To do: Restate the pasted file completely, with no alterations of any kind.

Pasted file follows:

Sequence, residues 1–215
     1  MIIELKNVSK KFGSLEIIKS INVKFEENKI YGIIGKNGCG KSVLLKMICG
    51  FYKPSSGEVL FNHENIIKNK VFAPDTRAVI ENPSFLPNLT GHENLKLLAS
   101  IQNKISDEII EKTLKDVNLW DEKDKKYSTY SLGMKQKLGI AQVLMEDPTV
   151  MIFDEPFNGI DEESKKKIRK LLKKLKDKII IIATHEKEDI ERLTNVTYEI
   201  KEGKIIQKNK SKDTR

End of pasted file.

Sequence, residues 1–215
     1  MIIELKNVSK KFGSLEIIKS INVKFEENKI YGIIGKNGCG KSVLLKMICG
    51  FYKPSSGEVL FNHENIIKNK VFAPDTRAVI ENPSFLPNLT GHENLKLLAS
   101  IQNKISDEII EKTLKDVNLW DEKDKKYSTY SLGMKQKLGI AQVLMEDPTV
   151  MIFDEPFNGI DEESKKKIRK LLKKLKDKII IIATHEKEDI ERLTNVTYEI
   201  KEGKIIQKNK SKDTR